DUBAI: As digital solutions and technological advances permeate through the business world, some look to technology for sustainable solutions.
But that is not the necessarily the case.
James Arnott, MD of Capital Project Services at Accenture, is a strong proponent of new technology, but even he regards it as a mechanism for sustainability, rather than a sustainable process.
He said, “We see an enormous opportunity from a growth perspective in terms of how digital solutions can drive towards more sustainable developments, and I think that is very much in line with the recent agreement that was signed earlier this year with respect to the United Nations Convention on Climate Change.”
Arnott refers to the Paris Agreement, signed in April by 174 countries, including the UAE, aims to strengthen the Rio and Kyoto protocols, with nations agreeing to adopt ever more stringent carbon-reduction goals, reviewed every five years, along with a number of other priorities aimed at keeping global warming to 1.5C above pre-industrial levels.
“Digital and the drive associated with the opportunities associated with the focus on these 17-odd priorities is going to provide fantastic opportunities for growth and provide a mechanism where sustainability can thrive,” said Arnott.
Adrian Bliss, Mott MacDonald’s technical director, environment and sustainability for the Middle East, is more cautious. He sees potential for smart monitors and the use of data analysis to highlight areas to improve, but believes sustainable solutions need not be technological.
He highlights the increasing use of building information modelling (BIM) in construction, software capable of analysing large amounts of data from design, to construction and operation of a building. If your aim is to reduce carbon, he says, the BIM can produce a carbon map incorporating the cost of sourcing and shipping materials as well as operational usage.
The BIM can also highlight design flaws — he cited a project in Egypt in which the BIM found 6,000 design errors ranging from clashes n piping to doors not fitting frames, allowing them to be fixed before construction began.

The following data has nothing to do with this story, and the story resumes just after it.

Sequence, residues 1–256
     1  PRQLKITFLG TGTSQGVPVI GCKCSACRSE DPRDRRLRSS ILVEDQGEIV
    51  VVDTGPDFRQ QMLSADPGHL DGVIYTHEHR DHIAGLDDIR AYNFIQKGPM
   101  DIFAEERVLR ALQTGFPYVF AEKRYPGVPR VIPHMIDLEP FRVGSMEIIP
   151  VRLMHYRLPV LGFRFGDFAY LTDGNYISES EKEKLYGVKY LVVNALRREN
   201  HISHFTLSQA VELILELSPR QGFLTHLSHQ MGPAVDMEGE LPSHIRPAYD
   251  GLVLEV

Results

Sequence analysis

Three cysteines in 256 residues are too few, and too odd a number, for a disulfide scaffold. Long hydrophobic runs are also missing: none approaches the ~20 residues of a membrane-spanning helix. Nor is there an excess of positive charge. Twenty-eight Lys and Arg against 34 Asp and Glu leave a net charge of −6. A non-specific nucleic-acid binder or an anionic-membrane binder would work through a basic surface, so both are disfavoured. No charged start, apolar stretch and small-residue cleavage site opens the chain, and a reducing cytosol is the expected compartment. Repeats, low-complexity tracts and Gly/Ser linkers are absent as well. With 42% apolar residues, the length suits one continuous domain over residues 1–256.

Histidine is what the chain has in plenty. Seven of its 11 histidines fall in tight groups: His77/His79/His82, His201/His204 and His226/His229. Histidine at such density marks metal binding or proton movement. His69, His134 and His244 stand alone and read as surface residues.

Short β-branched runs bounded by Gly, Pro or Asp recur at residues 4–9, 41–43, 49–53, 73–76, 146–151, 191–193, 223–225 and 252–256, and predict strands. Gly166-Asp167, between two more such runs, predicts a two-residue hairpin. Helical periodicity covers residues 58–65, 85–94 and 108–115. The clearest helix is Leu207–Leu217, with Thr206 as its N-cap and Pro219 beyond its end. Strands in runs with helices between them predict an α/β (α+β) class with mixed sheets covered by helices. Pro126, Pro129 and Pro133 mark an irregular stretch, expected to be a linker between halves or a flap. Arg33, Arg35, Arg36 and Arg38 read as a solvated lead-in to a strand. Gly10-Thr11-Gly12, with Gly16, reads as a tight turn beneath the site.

Both he and Avanceon CEO Bakhtiar Hameed Wain cite projects where smart monitors provide instant feedback on energy usage through the internet of Things (IoT), allowing firms to reduce their energy requirements.
Bliss remains convinced, however, that technology must be evaluated for its effectiveness in meeting sustainability targets. It is a tool, he says, and not the solution.
“Technology can solve a problem if you know what the problem is that you want solved,” Bliss said.
For a non-technological solution, Bliss points to a project Mott MacDonald undertook for UK-based water utility Anglian Water, who sought to cut their carbon emissions by 50 per cent.
“We didn’t make 50 per cent,” Bliss said, “but we made 40 per cent — and we saved them 25 per cent of costs in doing so.”
One aspect of the work involved a new way of laying water pipes. Traditionally, water pipes in the UK are laid in gravel beds in trenches, which are then backfilled. Most of the carbon burnt in the process of pipe-laying came from the gravel, which had to be quarried, cleaned, transported and laid down.
When asked, the utility said the gravel was necessary to hold the pipes steady. “We said, ‘Why not make the trench V-shaped?’ So that’s what we did. It meant less cut and fill from the trenches and you don’t need the gravel any more — that cuts 70 per cent of the carbon from that particular operation.”
Furthermore, Bliss says, reliance on technology could bring its own problems. Buildings relying on advanced technology were complex to operate, and often the personnel involved in choosing and installing it moved on.
“Some of the assets are full of great technologies, but they haven’t been installed properly, they haven’t been commissioned properly and nobody knows how to operate them, which then means your building doesn’t function as it was supposed to — and actually might function worse than a building without technology where you can just open the windows and doors.”
But here too, he said, information management through BIM systems can help produce manuals enabling the technology to be used as intended.